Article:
The only really challenging situations have been motor failures and disorientation in fog or night flights.

This all seems too good to be true. Is a plane like the Cherokee that "easy" to manœuvre? Is it that forgiving when one makes mistakes?
Or is it a sim limitation?

Thanks a lot for your answers!
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#2 DaveCT2003



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Posted 10 January 2017 - 05:28 PM

Regarding how forgiving... completely depends on the type of aircraft. Some are more forgiving, some are just the opposite.


Best wishes!

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#3 ubersu


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Posted 10 January 2017 - 05:47 PM

Most modern GA aircraft are designed to be as forgiving as possible. That said, an idiot on the controls can always find a way to die.



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#4 DaveCT2003



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Posted 10 January 2017 - 05:56 PM

That said, an idiot on the controls can always find a way to die.


Or worse, whack someone else! 

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#5 RichieFly



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Posted 10 January 2017 - 05:59 PM

Like was said above, GA aircraft tend to be designed to be very forgiving. There are limits to all PC based flight sims in terms of modeling flight dynamics. Especially when you talk about edge of envelope flying. So Vne characteristics are probably not very accurate, for example.


My experience is that flying on the edge is the game all RL pilots play. Experience tells you (spidy sense) when you're taking things too far. Also, you don't want to break an aircraft, so you don't try to do so.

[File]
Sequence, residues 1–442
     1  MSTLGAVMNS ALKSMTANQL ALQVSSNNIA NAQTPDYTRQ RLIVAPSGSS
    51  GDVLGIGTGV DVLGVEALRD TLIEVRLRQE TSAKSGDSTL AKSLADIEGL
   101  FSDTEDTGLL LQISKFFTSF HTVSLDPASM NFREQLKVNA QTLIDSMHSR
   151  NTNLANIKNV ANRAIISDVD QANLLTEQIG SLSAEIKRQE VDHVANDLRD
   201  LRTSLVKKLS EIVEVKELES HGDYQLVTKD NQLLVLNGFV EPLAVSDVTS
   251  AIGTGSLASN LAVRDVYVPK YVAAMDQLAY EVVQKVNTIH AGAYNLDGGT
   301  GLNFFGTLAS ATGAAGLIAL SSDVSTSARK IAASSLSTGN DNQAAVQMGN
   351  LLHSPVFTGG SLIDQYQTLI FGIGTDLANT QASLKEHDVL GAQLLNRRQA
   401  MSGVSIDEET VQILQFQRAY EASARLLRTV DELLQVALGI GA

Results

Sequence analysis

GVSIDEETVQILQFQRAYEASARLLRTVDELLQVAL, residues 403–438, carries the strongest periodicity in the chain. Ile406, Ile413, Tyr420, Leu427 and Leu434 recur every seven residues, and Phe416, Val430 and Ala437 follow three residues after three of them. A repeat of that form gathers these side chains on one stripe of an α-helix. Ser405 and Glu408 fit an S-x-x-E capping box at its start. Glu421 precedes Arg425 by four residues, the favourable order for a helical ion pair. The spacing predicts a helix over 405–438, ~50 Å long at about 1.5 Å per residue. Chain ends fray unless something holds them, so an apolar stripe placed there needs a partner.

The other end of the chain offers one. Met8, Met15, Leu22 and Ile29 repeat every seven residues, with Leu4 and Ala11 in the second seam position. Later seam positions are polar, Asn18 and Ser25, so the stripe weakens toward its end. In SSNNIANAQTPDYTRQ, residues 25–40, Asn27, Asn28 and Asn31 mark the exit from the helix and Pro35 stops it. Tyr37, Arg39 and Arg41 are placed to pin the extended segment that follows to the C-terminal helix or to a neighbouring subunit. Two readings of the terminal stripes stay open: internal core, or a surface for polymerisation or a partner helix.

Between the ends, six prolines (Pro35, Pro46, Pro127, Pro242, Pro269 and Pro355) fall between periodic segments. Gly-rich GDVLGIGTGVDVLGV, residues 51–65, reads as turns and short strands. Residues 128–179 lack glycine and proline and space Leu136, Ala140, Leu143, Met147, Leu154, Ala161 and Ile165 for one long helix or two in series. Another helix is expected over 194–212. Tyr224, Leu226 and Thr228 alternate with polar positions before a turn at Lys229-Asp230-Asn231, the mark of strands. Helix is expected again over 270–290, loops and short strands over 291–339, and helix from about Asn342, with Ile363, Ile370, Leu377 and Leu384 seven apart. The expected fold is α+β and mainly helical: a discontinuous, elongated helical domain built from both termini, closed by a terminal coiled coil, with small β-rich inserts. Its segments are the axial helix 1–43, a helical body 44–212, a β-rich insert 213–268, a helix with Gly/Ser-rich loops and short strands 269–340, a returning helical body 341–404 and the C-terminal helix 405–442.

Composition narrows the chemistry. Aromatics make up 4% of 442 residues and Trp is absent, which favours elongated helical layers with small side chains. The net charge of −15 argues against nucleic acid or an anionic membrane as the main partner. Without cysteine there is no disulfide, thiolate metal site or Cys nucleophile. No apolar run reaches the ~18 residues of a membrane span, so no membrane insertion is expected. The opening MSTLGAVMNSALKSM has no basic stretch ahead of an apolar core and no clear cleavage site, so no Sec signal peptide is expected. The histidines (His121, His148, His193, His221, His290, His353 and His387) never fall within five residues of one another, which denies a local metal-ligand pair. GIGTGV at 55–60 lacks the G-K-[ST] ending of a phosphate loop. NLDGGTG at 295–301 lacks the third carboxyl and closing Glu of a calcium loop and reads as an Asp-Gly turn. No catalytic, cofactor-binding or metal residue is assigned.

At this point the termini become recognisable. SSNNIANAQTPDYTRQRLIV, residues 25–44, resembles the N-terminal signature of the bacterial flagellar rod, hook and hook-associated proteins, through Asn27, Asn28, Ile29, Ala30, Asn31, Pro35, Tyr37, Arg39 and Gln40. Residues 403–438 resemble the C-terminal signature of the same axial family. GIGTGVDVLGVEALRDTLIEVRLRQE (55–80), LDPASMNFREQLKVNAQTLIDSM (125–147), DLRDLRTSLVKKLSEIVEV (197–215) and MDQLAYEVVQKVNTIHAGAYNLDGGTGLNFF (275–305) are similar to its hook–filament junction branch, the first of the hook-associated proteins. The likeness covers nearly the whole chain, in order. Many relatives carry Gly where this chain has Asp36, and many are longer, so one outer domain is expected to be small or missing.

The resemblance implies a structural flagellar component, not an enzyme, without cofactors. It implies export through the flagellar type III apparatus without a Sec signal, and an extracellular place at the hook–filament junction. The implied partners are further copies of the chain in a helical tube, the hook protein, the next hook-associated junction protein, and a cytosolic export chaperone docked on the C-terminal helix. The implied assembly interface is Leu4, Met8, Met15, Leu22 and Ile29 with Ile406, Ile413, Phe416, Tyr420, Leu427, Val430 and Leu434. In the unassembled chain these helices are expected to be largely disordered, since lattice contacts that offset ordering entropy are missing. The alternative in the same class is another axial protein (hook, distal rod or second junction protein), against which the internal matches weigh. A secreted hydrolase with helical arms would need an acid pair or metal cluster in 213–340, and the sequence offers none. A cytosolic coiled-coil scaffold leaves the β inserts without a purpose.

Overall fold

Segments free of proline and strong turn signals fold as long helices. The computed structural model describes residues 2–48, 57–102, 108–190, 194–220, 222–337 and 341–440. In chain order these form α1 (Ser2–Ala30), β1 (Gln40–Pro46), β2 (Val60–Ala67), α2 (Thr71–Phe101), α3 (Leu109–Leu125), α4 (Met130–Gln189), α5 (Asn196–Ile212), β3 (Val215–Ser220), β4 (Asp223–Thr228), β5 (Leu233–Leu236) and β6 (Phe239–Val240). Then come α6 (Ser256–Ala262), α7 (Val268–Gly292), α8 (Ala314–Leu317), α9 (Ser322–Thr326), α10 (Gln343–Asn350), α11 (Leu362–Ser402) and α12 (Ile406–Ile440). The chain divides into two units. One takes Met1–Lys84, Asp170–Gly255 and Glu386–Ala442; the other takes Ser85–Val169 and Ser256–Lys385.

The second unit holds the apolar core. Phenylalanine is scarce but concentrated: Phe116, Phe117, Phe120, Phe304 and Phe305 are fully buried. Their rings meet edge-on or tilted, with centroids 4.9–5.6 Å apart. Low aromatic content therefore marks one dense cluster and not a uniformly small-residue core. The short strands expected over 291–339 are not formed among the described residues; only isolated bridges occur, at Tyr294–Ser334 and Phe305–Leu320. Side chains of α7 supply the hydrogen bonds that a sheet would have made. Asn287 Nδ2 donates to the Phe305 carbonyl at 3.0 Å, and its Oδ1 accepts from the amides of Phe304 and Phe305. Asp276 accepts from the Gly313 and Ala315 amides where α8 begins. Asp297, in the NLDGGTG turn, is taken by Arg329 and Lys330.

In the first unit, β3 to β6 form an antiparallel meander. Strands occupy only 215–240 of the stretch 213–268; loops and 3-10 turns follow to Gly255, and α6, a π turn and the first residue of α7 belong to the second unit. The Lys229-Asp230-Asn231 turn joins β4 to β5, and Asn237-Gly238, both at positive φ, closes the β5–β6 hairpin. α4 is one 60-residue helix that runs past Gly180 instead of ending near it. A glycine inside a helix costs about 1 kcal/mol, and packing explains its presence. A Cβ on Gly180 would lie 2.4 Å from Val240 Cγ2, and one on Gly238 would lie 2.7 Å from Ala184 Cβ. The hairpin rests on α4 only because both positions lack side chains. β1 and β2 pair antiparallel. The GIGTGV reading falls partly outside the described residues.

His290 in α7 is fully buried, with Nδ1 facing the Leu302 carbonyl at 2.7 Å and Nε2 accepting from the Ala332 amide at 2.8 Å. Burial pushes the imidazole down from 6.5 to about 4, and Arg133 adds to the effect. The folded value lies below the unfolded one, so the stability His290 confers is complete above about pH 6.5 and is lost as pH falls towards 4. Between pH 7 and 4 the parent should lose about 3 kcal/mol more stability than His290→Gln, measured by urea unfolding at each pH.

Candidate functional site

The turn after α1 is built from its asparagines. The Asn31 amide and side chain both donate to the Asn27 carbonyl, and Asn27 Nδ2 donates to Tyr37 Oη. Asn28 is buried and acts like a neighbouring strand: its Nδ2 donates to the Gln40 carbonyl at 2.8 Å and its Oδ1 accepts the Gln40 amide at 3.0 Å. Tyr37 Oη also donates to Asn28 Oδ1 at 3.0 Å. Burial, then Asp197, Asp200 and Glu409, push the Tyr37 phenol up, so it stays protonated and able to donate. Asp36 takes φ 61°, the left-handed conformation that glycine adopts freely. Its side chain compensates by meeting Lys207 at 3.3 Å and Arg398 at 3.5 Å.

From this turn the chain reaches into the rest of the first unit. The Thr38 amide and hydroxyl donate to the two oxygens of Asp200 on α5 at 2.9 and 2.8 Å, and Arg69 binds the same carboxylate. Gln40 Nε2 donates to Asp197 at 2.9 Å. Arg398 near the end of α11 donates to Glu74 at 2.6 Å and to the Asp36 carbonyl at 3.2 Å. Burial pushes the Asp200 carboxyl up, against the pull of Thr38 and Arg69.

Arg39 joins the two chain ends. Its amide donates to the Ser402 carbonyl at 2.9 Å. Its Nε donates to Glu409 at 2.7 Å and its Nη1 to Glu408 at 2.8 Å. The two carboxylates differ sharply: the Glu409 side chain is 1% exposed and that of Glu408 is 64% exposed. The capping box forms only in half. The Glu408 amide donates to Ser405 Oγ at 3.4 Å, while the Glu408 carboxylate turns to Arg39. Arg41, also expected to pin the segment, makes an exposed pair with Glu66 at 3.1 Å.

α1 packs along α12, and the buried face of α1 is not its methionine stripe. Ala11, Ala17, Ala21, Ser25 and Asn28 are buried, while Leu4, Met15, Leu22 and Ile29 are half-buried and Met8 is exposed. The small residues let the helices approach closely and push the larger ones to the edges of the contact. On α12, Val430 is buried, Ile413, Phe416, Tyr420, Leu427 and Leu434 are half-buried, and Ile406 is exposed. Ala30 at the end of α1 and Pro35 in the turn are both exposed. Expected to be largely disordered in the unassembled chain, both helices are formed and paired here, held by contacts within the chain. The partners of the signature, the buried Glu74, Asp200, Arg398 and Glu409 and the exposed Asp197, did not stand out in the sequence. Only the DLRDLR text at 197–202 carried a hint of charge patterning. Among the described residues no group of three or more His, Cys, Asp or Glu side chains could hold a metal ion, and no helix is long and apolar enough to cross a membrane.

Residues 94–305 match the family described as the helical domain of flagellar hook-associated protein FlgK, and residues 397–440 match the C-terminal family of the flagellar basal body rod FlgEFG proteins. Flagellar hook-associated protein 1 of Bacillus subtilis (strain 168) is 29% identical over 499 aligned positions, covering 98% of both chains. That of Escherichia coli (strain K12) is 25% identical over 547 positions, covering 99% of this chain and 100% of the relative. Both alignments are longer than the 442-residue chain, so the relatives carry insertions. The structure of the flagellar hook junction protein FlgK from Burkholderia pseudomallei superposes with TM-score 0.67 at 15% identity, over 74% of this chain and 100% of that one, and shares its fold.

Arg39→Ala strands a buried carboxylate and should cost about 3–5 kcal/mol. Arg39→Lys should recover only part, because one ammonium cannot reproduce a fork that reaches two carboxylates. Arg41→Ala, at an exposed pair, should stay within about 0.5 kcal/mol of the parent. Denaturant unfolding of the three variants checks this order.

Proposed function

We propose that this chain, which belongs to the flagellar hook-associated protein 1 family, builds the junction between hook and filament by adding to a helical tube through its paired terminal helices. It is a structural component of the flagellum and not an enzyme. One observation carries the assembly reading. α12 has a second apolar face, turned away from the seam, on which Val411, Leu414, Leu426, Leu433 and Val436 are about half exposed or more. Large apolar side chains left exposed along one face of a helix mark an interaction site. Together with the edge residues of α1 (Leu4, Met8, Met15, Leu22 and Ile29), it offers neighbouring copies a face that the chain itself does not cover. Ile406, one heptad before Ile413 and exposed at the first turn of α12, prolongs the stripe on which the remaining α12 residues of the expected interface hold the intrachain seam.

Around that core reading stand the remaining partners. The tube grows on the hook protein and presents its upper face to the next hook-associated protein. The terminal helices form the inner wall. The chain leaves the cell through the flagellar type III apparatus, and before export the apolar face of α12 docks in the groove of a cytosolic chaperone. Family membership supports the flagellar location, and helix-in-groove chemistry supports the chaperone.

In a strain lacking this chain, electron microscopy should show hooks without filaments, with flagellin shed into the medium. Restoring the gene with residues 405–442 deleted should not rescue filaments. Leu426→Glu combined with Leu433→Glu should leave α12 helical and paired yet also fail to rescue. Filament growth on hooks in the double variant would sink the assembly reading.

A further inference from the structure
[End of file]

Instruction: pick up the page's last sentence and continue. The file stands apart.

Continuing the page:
Finally, this is why you do flight training; to experience the safe limits of a particular aircraft and become familiar with its characteristics at various configurations and speeds.


Good luck to you!

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Richard Chafey

#6 Guevorkyan



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Posted 10 January 2017 - 06:54 PM

The main difference as my brother put it "you better land this thing, there's no game over!". Having said that, there's a ton of things I'd do in the simulator that would'nt dare to do in the real thing. 


Simming won't give you the feeling of three-dimensional forces. Turbulence doesn't seem random, cross-wind landing is fought out differently, speeding up the IAS in flight level will bring a lot of noice and the airplane feels like with a ton of energy. You can feel the sluggish behavior when behind the power curve. 


Tridimentionality (?) of the cabin can be simulated in home made cockpits, but you cannot get the motion feeling right, not even in class Ds.